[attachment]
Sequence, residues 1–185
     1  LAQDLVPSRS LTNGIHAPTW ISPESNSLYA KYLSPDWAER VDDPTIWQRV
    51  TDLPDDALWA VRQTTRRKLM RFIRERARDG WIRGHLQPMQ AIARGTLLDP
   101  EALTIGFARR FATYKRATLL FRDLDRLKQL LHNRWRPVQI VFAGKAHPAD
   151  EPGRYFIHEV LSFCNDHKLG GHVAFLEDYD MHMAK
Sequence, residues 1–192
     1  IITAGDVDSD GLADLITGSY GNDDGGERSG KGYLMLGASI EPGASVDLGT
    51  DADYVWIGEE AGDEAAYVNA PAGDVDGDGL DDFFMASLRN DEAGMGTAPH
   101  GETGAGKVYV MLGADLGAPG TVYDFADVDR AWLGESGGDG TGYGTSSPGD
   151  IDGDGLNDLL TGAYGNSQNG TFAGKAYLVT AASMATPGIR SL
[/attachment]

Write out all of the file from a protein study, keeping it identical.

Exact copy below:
Sequence, residues 1–185
     1  LAQDLVPSRS LTNGIHAPTW ISPESNSLYA KYLSPDWAER VDDPTIWQRV
    51  TDLPDDALWA VRQTTRRKLM RFIRERARDG WIRGHLQPMQ AIARGTLLDP
   101  EALTIGFARR FATYKRATLL FRDLDRLKQL LHNRWRPVQI VFAGKAHPAD
   151  EPGRYFIHEV LSFCNDHKLG GHVAFLEDYD MHMAK
Sequence, residues 1–192
     1  IITAGDVDSD GLADLITGSY GNDDGGERSG KGYLMLGASI EPGASVDLGT
    51  DADYVWIGEE AGDEAAYVNA PAGDVDGDGL DDFFMASLRN DEAGMGTAPH
   101  GETGAGKVYV MLGADLGAPG TVYDFADVDR AWLGESGGDG TGYGTSSPGD
   151  IDGDGLNDLL TGAYGNSQNG TFAGKAYLVT AASMATPGIR SL